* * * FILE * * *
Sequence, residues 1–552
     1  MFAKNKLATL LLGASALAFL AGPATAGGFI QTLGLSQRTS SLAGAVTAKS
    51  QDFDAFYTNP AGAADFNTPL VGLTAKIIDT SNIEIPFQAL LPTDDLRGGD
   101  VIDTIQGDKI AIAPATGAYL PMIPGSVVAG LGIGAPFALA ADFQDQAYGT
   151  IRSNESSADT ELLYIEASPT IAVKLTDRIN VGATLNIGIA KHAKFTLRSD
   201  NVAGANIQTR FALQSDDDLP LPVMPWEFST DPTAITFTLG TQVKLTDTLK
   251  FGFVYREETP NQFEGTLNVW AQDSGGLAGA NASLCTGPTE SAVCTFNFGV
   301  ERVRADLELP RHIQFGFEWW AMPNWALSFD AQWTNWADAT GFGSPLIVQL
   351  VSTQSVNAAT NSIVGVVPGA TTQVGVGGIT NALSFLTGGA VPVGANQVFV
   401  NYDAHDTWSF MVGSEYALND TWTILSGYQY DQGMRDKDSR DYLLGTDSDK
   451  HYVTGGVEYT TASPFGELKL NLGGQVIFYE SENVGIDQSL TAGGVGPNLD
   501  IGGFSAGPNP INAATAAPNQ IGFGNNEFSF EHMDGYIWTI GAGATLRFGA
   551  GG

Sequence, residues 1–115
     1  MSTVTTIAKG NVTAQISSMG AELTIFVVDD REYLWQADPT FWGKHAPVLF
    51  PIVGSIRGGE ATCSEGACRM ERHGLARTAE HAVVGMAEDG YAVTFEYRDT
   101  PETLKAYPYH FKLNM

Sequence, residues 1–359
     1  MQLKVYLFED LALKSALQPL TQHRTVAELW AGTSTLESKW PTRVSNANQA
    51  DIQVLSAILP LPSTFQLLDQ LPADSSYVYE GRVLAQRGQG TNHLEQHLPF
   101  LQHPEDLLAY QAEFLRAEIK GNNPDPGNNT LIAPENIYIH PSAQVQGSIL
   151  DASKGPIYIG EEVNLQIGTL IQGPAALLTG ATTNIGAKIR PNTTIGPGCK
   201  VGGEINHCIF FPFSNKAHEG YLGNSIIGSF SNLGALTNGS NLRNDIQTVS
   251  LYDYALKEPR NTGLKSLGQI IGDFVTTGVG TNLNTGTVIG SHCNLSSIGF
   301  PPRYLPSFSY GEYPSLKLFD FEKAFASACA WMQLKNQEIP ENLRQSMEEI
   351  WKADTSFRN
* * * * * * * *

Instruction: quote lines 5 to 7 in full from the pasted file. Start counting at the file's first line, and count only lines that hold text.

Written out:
   151  IRSNESSADT ELLYIEASPT IAVKLTDRIN VGATLNIGIA KHAKFTLRSD
   201  NVAGANIQTR FALQSDDDLP LPVMPWEFST DPTAITFTLG TQVKLTDTLK
   251  FGFVYREETP NQFEGTLNVW AQDSGGLAGA NASLCTGPTE SAVCTFNFGV